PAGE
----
Wednesday, 30 January 2019

Orthaga  PYRALIDAE

Orthaga Possibly thyrisalis EPIPASCHIINAE PYRALIDAE

 The Orthaga moths are difficult to tell apart. I have this one down as O. thyrisalis, and if it is, the larval food plants are likely to be, according to the Butterfly house site:-
 Teatree ( Leptospermum ), in our case a Lemon Scented Teatree
 Paperbarks ( Melaleuca species), we have several of these.
I have not been able to cross reference this information, and there is no mention in Moths of Australia (Common 1990) of  the larval food plant, or in any of my other larval food source references.



Family:-  PYRALIDAE
Sub Family:- EPIPASCHIINAE
Genus:-  Orthaga
Species:- Possibly thyrisalis














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Orthaga Species EPIPASCHIINAE PYRALIDAE

Without a positive identification it is not possible to find anything about its biology.





Family:-  PYRALIDAE
Sub Family:- EPIPASCHIINAE
Genus:- Orthaga
Species:-  Sp.



















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Orthaga Species EPIPASCHIINAE PYRALIDAE


I think this one is an Orthaga too.




Family:-  PYRALIDAE
Sub Family:- EPIPASCHIINAE
Genus:- Orthaga
Species:-  Sp.












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Wednesday, 23 January 2019

Grass Pyralid

 Faveria tritalis PHYCITINAE PYRALIDAE

 The larval food plants are a variety of grasses (POACEAE), and is considered a pest on Couch Grass ( Cynodon dactylon ).
Wingspan is about 20mm.
As with other moths in PYRALIDAE, the larvae are likely to live in tubular silk shelters near the ground surface, and come out at night.
In the early days of living on this property, the number of grass moths coming to the windows at night in summer would be in the thousands. At the moment we are lucky to get more than a few. The types of grasses in this area have changed from native grasses to imported grasses, mostly Kikuyu, which is African, and are kept closely mown. It looks nice, but does not support the same range of insects.





Family:- PYRALIDAE
Sub Family:- PHYCITINAE
Genus:- Faveria
Species:- tritalis










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Gauna aegusalis PYRALINAE PYRALIDAE 

The larval food is galls on Acacia trees including Acacia decurrens (Mimosaceae), which are caused by the rust fungus Uromycladium tepperianum (PUCCINALES). They burrow into the gall. There are a number of moths from other families which also use the galls as food and living space, while others simply feed on the surface.
The colouring on these moths can vary widely from dull to quite bright redish brown.
A study of the life inside galls is fascinating. Not only do you get the insects living in the gall, but the insect or larvae are often parasitised by other insects.

Wingspan is about 20mm.





Family:- PYRALIDAE
Sub Family:- PYRALINAE
Genus:- Gauna
Species:- aegusalis



















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Wednesday, 16 January 2019

More  Endotricha

Endotricha pyrosalis PYRALINAE PYRALIDAE   

Although I was not able to find anything about the biology of this moth, it is likely to rely on grasses.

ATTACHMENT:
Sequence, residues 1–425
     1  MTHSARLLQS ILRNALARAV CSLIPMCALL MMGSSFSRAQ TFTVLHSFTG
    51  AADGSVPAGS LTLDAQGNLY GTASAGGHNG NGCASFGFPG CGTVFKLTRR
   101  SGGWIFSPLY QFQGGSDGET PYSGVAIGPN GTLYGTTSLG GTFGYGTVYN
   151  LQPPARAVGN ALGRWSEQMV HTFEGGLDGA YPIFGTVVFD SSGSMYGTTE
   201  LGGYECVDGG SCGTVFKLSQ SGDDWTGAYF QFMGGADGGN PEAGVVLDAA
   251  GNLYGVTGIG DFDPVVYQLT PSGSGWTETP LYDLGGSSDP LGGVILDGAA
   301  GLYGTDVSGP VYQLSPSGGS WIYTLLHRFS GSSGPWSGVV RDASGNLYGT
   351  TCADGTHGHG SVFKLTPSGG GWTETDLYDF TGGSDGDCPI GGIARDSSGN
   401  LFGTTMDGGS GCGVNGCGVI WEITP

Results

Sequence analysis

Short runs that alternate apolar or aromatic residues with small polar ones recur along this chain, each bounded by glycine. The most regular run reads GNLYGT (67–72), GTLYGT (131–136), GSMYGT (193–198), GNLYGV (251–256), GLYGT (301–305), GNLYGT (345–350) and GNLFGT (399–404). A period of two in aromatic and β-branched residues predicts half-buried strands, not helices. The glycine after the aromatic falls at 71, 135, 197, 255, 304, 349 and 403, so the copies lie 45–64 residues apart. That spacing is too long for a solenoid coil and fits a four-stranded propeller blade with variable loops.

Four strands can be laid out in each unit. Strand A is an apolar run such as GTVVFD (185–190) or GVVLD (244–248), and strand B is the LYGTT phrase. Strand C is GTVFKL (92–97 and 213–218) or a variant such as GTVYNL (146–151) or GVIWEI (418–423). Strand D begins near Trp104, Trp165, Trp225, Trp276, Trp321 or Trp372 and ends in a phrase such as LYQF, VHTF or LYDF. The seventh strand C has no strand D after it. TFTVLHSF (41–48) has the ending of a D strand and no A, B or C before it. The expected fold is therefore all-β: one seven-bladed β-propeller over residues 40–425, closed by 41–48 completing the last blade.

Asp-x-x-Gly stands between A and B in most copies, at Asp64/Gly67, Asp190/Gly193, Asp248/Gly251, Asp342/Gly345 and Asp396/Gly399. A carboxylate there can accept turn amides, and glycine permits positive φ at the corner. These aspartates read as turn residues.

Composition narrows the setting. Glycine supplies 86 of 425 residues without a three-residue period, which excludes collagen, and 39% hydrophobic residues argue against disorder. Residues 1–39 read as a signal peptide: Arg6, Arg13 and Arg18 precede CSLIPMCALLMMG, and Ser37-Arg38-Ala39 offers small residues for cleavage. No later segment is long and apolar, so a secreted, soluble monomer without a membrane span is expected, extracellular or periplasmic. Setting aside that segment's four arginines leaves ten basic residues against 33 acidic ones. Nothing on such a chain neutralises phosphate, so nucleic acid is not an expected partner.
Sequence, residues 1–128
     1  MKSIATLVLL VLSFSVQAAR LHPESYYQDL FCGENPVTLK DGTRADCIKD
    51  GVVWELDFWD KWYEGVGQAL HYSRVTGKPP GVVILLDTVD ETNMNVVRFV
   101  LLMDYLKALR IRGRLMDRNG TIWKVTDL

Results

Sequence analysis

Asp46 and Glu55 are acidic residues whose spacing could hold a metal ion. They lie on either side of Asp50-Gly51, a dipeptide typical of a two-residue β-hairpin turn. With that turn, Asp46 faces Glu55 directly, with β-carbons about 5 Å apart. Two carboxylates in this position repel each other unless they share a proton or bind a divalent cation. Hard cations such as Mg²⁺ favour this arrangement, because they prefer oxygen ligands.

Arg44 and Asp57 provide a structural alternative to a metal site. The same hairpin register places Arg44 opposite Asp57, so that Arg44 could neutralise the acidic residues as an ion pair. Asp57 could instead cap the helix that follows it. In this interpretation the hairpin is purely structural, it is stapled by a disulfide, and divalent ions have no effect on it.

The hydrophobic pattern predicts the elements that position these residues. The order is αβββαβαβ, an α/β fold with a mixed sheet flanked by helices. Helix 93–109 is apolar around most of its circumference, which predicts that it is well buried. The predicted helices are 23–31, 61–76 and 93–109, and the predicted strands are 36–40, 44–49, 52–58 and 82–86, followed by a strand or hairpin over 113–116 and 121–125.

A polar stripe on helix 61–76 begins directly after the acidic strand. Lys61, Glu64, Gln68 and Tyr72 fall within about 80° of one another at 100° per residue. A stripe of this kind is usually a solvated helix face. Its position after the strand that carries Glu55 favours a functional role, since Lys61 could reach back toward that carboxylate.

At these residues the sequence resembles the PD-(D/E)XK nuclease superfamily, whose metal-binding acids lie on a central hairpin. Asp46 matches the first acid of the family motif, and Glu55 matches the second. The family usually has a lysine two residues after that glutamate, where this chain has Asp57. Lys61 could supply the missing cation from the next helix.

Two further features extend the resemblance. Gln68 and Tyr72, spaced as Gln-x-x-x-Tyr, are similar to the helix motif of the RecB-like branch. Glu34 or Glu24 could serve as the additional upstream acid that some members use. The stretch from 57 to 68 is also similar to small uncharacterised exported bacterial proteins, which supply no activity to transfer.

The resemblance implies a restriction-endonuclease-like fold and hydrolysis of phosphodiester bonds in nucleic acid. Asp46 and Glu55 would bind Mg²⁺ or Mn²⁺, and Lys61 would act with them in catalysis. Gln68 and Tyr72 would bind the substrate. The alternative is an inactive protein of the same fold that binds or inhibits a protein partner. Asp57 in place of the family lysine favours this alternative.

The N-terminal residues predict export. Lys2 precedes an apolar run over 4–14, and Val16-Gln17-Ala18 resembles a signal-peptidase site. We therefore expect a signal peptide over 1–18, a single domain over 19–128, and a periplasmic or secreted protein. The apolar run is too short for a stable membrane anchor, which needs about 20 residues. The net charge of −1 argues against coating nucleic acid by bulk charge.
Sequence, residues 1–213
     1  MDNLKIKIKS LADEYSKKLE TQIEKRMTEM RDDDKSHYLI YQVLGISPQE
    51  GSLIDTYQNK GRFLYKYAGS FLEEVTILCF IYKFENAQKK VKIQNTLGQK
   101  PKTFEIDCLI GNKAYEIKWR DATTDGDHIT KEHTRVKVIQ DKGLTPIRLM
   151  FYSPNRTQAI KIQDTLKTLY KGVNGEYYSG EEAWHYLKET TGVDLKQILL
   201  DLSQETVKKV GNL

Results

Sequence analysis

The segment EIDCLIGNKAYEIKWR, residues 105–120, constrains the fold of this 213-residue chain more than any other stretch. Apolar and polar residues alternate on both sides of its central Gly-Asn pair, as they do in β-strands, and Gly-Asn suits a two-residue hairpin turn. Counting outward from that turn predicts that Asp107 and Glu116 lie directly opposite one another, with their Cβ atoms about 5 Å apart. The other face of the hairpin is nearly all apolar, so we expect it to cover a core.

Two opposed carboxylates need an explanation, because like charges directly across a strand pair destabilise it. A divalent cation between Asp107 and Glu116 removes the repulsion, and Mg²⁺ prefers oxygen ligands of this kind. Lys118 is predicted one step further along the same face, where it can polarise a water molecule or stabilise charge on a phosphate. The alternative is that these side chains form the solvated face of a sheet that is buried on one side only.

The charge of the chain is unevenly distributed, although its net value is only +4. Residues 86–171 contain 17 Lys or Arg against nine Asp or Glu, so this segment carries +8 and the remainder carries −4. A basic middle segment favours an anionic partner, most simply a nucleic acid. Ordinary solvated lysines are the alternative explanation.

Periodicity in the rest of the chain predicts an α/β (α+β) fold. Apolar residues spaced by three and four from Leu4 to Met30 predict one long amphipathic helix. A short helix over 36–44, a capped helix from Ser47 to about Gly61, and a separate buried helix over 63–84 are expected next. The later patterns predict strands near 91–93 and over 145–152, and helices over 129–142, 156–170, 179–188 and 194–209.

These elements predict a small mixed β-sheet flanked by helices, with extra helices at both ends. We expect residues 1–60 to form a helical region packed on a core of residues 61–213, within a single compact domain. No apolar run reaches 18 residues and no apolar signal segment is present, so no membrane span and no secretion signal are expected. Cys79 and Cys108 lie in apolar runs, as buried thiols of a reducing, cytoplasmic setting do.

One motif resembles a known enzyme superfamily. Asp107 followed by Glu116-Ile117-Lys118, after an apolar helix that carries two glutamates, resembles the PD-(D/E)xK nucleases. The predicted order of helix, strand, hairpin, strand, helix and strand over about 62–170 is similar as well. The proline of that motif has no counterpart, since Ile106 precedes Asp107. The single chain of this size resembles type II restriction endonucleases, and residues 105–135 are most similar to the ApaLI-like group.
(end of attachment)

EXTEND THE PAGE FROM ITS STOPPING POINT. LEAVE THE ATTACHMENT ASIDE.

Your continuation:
Family:- PYRALIDAE
Sub Family:- PYRALINAE
Genus:- Endotricha
Species:- pyrosalis









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Endotricha ignealis PYRALINAE PYRALIDAE

I was not able to find anything about the biology of this moth either, it is likely to rely on grasses.





Family:- PYRALIDAE
Sub Family:- PYRALINAE
Genus:- Endotricha
Species:- ignealis







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Thursday, 10 January 2019

Endotricha puncticostalis

Endotricha puncticostalis PYRALINAE PYRALIDAE

The larvae are a pest species on Peanut plants, ( Arachis hypogaea, FABACEAE ).
The larvae also probably able to live on other legumes since the peanut growing areas  are quite a long way from here.
One of the photos shows the moth with the rear of its body raised. I have been told that this can be a signal involved in mating. Exactly what it means I have not been able find. One opinion is that it means the moth has been mated and the second that it is ready for mating.






Family:- PYRALIDAE
Sub Family:- PYRALINAE
Genus:- Endotricha 
Species:- puncticostalis













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Endosimilis stilbealis PYRALINAE PYRALIDAE

I have not been able to find anything about the biology of this moth.






Family:- PYRALIDAE
Sub Family:- PYRALINAE
Genus:- Endosimilis
Species:- stilbealis











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Wednesday, 2 January 2019

 Ctenomeristis almella

Ctenomeristis almella PHYCITINAE PYRALIDAE

The caterpillar is said to feed on the Native Cherry ( Exocarpus cupressiformis, SANTALACEAE ), however it is a bit surprising to find this moth here if its only food plant is the Native Cherry, because the Native Cherry is a parasite on the roots of other plants and is extremely difficult to propagate and are few and far between in the wild.
 I don't believe we have any in the immediate local area. We do have a Santalum species plant and maybe that was what attracted it.

Wingspan when fully spread about 30mm.
The hind wings are yellow.





Family:- PYRALIDAE
Sub Family:- PHYCITINAE
Genus:- Ctenomeristis
Species:- almella












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Curena externalis PYRALINAE PYRALIDAE 

I wasn't able to find anything about the biology of this moth.
Wingspan about 20mm.





Family:- PYRALIDAE
Sub Family:- PYRALINAE
Genus:- Curena
Species:- externalis




This high body stance is common with these moths.
















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